Estate and succession planning for women
Women running their own businesses must pay special attention to estate planning and matters concerning succession planning.
Now, more than ever, ‘sisters are doing it for themselves’. A 2019 survey showed that 47% of women participate in the global workforce, and this number is expected to increase over the next five years.
Globally, only one in three businesses are women-owned. Too few of these women are taking action early enough to secure their futures, and the futures of their families and business interests through estate planning.
Estate planning for women in business
In a nutshell, estate planning is the act of preparing for the transfer of a person's wealth and assets after his or her death and it’s a must-have if you have children, a job or run your own business, because women generally outlive men by six years or longer.
A poll of more than 9 500 women in the G20 countries revealed that 44% found work-life balance to be their biggest work-related issue.
According to experts, the above information means women are concerned about protecting and empowering their children but are becoming more worried that they may not have enough in retirement for themselves, especially if their husbands predecease them.
Fortunately, such situations can be avoided through estate planning. Now, any form of financial planning can be tricky, so we’ve laid out the basics to get you started.
A holistic estate plan includes:
- Succession planning: A good move if you run your own company and want to ensure its longevity, succession planning is the development of internal people into key leadership roles.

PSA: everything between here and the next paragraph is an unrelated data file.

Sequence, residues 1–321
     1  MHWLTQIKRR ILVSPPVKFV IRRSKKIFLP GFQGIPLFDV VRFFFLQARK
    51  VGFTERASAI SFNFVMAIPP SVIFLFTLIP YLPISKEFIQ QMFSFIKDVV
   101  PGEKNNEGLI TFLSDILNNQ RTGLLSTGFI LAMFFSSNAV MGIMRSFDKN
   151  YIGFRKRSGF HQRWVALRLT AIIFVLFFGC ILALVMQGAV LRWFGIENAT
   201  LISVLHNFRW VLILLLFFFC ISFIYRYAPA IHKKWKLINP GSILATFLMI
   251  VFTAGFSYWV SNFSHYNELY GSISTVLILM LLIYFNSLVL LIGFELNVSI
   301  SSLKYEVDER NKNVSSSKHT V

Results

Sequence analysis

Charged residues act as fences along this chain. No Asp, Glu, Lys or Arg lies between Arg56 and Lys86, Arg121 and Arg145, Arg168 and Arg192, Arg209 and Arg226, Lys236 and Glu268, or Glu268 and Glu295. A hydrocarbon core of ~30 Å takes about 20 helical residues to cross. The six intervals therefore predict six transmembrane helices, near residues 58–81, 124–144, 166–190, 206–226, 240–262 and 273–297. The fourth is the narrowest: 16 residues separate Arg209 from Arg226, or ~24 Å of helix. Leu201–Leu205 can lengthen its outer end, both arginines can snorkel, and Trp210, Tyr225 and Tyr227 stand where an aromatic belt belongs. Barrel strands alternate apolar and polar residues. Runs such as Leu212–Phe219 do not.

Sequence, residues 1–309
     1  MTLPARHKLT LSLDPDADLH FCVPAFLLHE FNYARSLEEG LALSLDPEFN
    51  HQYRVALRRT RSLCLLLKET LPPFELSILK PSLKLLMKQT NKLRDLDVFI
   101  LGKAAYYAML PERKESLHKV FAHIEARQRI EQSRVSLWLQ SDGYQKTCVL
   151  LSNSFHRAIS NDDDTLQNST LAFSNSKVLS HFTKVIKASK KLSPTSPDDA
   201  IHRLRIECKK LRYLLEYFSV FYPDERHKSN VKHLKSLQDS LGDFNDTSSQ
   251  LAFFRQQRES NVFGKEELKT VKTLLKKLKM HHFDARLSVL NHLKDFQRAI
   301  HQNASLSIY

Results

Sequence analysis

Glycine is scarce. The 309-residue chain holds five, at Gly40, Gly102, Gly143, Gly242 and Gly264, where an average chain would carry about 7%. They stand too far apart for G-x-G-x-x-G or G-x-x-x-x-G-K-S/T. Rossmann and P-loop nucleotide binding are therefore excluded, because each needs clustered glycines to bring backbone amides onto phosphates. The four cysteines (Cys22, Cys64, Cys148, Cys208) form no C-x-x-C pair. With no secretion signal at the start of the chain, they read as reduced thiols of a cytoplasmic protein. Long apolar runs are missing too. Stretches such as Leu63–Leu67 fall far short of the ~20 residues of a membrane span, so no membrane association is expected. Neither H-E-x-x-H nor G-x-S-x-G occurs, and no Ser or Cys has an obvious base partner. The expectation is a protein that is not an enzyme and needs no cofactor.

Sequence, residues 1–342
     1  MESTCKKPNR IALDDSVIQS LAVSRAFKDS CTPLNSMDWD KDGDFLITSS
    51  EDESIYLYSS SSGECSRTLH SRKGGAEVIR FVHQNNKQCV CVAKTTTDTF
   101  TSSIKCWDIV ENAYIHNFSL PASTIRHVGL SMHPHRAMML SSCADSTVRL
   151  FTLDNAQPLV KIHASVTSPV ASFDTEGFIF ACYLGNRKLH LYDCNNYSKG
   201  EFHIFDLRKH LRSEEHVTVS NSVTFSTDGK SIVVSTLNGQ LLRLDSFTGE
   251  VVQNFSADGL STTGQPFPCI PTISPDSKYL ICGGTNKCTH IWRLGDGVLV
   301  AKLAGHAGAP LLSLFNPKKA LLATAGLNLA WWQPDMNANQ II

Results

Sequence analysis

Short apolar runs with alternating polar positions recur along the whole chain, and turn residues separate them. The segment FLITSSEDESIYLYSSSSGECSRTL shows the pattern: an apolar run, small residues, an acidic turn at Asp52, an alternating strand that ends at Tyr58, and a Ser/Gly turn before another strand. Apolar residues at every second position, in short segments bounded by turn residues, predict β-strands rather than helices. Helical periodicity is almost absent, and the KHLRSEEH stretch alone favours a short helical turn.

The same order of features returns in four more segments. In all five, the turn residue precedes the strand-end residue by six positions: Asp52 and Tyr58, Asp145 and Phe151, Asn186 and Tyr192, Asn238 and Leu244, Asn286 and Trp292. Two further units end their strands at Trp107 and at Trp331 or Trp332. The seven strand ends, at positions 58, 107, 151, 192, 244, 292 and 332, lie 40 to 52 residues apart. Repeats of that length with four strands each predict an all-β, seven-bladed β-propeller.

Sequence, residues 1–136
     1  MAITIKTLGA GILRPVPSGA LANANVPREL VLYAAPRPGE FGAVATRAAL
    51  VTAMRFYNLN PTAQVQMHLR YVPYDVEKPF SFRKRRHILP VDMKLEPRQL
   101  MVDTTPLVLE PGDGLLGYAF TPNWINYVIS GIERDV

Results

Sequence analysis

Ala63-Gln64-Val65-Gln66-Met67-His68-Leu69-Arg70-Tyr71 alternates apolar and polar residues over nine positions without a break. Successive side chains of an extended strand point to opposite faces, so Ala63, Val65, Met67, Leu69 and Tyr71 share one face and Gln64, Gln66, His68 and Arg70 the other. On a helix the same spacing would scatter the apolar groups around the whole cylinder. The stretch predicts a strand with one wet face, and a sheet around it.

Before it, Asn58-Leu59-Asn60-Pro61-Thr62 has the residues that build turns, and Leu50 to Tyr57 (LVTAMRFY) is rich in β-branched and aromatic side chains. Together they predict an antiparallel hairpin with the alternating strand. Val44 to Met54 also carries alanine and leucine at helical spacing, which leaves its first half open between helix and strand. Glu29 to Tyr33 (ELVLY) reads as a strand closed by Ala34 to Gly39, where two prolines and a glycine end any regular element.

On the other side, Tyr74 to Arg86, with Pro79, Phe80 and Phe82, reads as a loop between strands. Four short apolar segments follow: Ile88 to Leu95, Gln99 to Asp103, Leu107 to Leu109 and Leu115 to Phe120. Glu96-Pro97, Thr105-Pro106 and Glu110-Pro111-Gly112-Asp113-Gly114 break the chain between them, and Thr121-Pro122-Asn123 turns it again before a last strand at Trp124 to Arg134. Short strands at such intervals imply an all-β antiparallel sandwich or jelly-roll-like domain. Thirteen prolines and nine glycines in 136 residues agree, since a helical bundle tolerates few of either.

- Intergenerational planning: This is a crucial part of an estate plan if you want to continue to provide for your children after your death. Intergenerational planning involves, for instance, appointing guardians for minor children, identifying trustees to manage funds and drafting a Will.
Essentials of an estate plan
Every estate plan must include the following:
- A Will: A Will is a legally-binding statement instructing who will receive your property at your death.
- A trust: A legal arrangement through which one person (or an institution, such as a bank), called a ‘Trustee’ holds the legal title to the assets of another person, the ‘beneficiary.’ Trusts have one set of beneficiaries during those beneficiaries' lives, and another set who benefit only after the first group has died.
- Power of Attorney: This allows a person you appoint to act on your behalf and make decisions for you when it comes to private and business affairs.
- Beneficiary designations: Make sure your beneficiary designations are up-to-date otherwise your assets will be paid out to the estate.
Proper estate planning is complex, so don’t hesitate to get in touch with a financial advisor who can help you build a more affluent and secure tomorrow for yourself, family or business.